Surrogate End-points and Clinical Trials

Currently, the primary end-points for clinical trials of AD drugs are clinical outcomes. However, measurements of the severity of cognitive decline present difficulties as markers of progression. Recent trials with disease-modifying treatments have shown negative results, including the amyloid-lowering agent tarenflurbil53 and rosiglitazone.54 Negative results could prove inefficacy of the drug studied, but may reflect inadequacies of the study designs: poor choice of end-point, late initiation and/or short duration.55 A systematic review of clinical trials conducted on cholinesterase inhibitors found that the methodological quality of many trials was poor, and cited numerous reasons for this, notably use of multiple primary end-points, incomplete data due to drop-outs and subjective assessment measures. It concluded that the recommendation of anticholinesterase inhibitors does not seem to be evidence-based.56
There is clearly a need for biomarkers to act as surrogate end-points, i.e. a well-characterised biomarker that can act as a primary end-point in clinical trials. Although surrogate end-points are by definition biomarkers, not all biomarkers meet the requirements of a surrogate end-point, namely ease of measurement, accuracy, reproducibility and representation of clinical benefit.57 The effect of therapy on a surrogate end-point must reliably predict the effect on a clinical outcome. It is highly unlikely that a single surrogate end-point will capture all of the pharmacological benefits and adverse effects of a drug in a diverse population, and combinations of biomarkers will probably be required.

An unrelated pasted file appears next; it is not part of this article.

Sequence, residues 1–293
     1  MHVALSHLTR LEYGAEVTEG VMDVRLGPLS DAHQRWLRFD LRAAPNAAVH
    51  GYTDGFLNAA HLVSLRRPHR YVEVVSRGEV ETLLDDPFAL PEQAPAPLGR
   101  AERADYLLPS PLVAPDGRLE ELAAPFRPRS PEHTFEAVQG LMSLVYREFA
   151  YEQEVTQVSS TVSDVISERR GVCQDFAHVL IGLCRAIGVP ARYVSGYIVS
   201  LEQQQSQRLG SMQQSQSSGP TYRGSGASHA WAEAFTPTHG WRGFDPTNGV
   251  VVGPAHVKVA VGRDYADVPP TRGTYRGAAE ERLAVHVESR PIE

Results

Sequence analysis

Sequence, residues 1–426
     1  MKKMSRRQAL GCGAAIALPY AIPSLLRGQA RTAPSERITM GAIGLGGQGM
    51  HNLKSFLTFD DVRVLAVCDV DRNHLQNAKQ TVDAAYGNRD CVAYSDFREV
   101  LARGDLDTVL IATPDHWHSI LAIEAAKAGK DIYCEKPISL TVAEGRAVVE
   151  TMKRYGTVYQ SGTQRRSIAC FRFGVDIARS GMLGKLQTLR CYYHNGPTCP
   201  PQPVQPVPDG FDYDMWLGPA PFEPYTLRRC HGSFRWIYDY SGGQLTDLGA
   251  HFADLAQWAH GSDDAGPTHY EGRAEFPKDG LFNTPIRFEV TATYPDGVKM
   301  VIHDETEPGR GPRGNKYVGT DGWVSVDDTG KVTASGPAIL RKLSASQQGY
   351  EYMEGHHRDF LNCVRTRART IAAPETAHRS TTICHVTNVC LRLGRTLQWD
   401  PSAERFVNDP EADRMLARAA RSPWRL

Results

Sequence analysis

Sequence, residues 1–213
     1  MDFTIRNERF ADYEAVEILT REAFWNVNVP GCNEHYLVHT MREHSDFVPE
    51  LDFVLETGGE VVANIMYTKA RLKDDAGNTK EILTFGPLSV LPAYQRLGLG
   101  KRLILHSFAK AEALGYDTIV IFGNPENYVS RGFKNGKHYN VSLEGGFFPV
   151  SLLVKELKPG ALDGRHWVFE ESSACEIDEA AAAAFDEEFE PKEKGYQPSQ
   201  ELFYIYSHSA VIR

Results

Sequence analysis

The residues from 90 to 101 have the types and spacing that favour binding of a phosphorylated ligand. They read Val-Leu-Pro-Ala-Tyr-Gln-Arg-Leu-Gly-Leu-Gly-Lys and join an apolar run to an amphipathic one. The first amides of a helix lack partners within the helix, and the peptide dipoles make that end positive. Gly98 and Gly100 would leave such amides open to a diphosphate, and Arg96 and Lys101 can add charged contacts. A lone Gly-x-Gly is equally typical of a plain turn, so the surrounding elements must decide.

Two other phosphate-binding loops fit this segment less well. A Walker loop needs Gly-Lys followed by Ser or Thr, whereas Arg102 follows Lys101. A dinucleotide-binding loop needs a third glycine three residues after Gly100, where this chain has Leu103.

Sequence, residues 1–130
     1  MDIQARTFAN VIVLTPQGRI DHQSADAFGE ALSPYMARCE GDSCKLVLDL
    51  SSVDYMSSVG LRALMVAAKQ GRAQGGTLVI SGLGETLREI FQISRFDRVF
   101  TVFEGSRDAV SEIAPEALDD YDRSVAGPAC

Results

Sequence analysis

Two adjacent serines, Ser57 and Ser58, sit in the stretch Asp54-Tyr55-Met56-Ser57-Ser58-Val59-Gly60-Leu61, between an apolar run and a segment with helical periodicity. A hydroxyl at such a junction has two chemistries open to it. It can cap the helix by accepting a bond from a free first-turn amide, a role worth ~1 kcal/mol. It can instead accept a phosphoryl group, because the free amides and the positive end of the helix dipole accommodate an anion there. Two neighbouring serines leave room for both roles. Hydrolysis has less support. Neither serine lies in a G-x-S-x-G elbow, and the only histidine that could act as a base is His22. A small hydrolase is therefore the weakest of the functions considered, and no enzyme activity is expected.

In addition to their use as surrogate end-points, biomarkers may be employed in clinical trials as markers of disease progression, in which case treatment would be expected to slow the rate of change of the biomarker, e.g. hippocampal atrophy. Since individual biomarkers correlate to specific brain pathology, they may be used to classify subjects into groups based on the underlying AD pathology.58 Furthermore, they could potentially shorten the time-frame of clinical trials from years to months, an attractive prospect given the slow rate of clinical progression of AD. Another useful function is as predictors of future AD or identification of Alzheimer’s pathology in non-demented patients, allowing high-risk individuals to be selected for trials and therefore enriching the sample cohort. In previous trials based on MCI selection, half of the patients did not develop AD, impairing identification of drug efficacy.59 Diagnosis of AD based on biomarkers is superior to using the intrinsically heterogeneous MCI state, and could eventually make it superfluous as a diagnostic state.60 Most importantly, biomarkers are the only means of demonstrating that a therapeutic intervention reaches the pathological mechanism of the disease.
An example of the successful use of biomarkers in clinical trials was a recent randomised, double-blind, placebo-controlled pilot study in which 36 patients with moderate AD symptoms were given memantine 20mg/day or placebo. Patients were evaluated at baseline and 26 and 52 weeks using a number of outcome measures, including global and regional glucose metabolism measured by PET and total brain and hippocampal volumes measured using MRI. These imaging techniques proved useful in demonstrating the efficacy of the drug and were considerably more reliable than chemical shift-imaging-derived global and regional N-acetylaspartate and myoinositol concentrations.61